But the film and its story are so over the top, it makes most movies seem like cheek kisses compared to BLACK SWAN's personalized nuclear bomb. The casting is almost diabolical. [I mean particularly in having a current and a faded and a fading movie star playing a current and a faded and fading ballerinas...sort of forcing us, and them, to recognize their lost prominence and success—Ryder found the parallels "cool"!]

Barbara Hershy as the controlling stage mom remakes the archetype into something out of DAWN OF THE LIVING STAGE MOTHER DEAD. This aging actress—who resembles the Barbara Seagull some of us once had crushes on but in a way that is at times startlingly dismaying—is cast as the over-the-hill missed-her-chance harridan while Winona Ryder plays the slightly over-the-hill star ballerina Portman's character is doomed to replace, I mean trying to replace.

(Ryder's presence and talent seemed wasted in her relatively small role, and Mila Kunis as the seductress from hell outshone her in a more meaty and bigger role as Portman's character's nemesis, I think, though they're all nemesises (!) in ways that are so frustratingly confusing it took me hours to sort most of it out later in conversation with a friend I saw it with and then in my own head and there are still parts I'm not sure about.)

I noticed that all the credits, except for production design and costumer, at least the ones I stayed to watch, were all men. And I wondered if that had anything to do with there being no woman in the movie you, or at least I, could feel any real empathy for.

There is some brilliant movie making going on, and there's no denying that the movie has an impact, it's still dominating my brain over twenty-four hours since I saw it. Some of the early dance sequences with close-ups of ballerina's feet balancing on their toes as they whirl and spin and go up and down from flat on the floor to on their toes is excruciatingly beautiful, almost painful to watch.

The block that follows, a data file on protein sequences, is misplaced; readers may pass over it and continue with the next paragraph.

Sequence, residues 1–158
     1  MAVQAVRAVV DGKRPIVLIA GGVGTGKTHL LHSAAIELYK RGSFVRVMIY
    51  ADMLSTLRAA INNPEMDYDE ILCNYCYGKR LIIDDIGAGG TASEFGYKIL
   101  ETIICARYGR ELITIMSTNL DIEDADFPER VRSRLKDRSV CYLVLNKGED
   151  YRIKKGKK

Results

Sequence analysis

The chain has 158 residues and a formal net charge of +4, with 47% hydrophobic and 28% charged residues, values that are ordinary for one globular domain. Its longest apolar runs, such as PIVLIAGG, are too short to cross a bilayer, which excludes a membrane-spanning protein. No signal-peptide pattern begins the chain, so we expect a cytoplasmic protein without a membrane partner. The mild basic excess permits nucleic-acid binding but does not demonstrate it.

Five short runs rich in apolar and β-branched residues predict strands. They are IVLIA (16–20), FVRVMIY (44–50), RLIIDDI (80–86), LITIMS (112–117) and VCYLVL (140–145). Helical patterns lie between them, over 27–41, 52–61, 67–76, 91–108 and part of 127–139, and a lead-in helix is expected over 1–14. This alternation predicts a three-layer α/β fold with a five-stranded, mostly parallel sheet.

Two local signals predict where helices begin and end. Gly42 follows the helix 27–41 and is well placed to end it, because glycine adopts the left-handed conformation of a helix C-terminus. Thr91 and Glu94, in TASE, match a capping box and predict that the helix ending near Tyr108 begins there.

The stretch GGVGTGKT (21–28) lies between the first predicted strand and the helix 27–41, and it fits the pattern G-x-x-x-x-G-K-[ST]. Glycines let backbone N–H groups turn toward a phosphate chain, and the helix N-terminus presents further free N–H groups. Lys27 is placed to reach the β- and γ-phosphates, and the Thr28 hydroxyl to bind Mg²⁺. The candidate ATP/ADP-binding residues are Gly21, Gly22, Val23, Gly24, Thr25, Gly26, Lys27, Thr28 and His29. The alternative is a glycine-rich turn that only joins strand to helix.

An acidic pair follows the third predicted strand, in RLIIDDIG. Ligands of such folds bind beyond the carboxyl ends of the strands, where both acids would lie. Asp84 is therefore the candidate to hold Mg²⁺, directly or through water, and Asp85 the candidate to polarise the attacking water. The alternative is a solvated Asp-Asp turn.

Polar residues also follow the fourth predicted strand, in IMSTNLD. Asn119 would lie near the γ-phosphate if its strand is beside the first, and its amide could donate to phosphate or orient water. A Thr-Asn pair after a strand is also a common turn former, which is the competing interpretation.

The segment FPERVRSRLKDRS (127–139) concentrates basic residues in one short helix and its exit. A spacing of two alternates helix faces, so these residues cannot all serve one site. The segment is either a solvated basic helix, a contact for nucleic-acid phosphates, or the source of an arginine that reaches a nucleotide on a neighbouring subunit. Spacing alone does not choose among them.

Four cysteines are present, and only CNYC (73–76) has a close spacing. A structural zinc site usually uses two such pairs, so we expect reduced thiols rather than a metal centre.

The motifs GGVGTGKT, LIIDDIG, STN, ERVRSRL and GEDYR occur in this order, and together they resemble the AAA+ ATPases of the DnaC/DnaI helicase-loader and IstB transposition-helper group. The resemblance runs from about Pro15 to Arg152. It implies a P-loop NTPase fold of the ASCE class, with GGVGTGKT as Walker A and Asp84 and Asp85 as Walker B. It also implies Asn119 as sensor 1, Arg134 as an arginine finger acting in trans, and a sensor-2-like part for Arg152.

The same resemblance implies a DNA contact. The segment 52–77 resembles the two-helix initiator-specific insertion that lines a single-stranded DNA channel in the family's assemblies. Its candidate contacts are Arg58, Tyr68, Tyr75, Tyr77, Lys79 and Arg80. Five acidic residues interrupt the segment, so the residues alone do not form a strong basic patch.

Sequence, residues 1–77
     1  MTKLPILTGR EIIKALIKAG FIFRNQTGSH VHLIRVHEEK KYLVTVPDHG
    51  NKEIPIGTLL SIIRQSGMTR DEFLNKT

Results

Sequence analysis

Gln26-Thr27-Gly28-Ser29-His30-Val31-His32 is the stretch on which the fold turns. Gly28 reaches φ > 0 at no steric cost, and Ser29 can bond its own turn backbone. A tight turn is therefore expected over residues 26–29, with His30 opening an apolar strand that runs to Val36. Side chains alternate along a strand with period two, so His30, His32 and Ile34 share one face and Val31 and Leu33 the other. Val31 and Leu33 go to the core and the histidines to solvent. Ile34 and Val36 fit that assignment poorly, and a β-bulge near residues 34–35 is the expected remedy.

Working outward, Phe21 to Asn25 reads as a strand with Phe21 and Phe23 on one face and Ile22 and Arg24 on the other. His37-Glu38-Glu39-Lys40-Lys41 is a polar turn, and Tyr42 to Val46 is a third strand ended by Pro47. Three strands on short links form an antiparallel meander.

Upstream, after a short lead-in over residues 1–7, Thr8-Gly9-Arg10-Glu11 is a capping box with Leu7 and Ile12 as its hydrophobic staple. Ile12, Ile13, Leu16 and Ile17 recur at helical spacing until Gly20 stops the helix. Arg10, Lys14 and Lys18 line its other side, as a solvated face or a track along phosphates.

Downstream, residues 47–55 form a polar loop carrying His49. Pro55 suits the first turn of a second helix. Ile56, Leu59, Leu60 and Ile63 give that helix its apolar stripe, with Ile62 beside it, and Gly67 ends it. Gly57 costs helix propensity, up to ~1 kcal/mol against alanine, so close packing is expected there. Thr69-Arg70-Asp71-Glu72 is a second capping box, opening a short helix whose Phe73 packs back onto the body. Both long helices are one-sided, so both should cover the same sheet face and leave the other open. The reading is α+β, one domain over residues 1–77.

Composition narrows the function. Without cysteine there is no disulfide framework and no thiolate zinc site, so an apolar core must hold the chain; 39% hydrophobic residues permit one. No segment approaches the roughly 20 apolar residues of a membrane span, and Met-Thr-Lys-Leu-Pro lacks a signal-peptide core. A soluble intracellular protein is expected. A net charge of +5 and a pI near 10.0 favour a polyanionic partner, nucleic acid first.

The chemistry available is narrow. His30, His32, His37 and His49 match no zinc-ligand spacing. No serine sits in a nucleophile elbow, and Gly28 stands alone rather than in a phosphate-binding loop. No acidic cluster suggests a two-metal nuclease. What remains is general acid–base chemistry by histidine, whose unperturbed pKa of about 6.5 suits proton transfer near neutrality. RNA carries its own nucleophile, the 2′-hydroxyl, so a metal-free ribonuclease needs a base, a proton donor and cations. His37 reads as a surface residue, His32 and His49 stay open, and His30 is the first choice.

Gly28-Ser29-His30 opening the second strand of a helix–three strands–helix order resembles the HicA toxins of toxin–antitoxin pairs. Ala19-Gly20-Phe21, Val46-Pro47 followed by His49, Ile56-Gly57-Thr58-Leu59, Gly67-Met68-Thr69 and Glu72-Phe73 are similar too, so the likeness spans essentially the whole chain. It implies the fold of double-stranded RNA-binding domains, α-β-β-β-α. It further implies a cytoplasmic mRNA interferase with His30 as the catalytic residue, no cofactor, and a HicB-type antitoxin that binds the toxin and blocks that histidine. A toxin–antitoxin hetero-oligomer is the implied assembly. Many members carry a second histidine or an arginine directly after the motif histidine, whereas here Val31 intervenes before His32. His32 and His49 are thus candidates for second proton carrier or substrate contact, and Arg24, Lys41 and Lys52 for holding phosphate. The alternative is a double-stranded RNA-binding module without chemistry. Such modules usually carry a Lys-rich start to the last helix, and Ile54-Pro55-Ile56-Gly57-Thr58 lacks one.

Other scenes were just plain painful to watch, some of them meant as metaphors for the obsessive body consciousness of dancers, not just ballerinas (I went with a dancer once and hung out with some of her friends and they were all constantly distorting their bodies into odd shapes, their form of stretching, or asking you to pull their arm out etc.) and some as metaphors for much deeper troubles and for compulsive addictive self-destructive behavior of all kinds. Only BLACK SWAN seems a backhanded attempt to justify that, or maybe justify the director's obsession with the extremes of self-destruction as a path to some sort of negative glory.

At times the melodrama of BLACK SWAN was so extreme I felt like I was watching an updated version of the kind of WHATEVER HAPPENED TO BABY JANE? histrionics of the aging Bette Davis and Joan Crawford parodying their younger selves. Only in this case, two of the main actresses, Ryder and Portman, are still young and doing the same kind of scenery munching.

But, and it's a big but, Aronofsky, like Coppola, is, at least for my taste, an incredible filmmaker (though I had caveats about THE WRESTLER as well), and there is much to admire and even be impressed by in BLACK SWAN technically, and performance and direction-wise. But it made me feel like I wanted to leave the theater before it was over or jut shoot myself when it finally did end. Not because it was so disappointing, but because it was so disturbing. And his previous most pull-out-the-stops dark adventure, REQUIEM FOR A DREAM didn't bother me at all. Phew!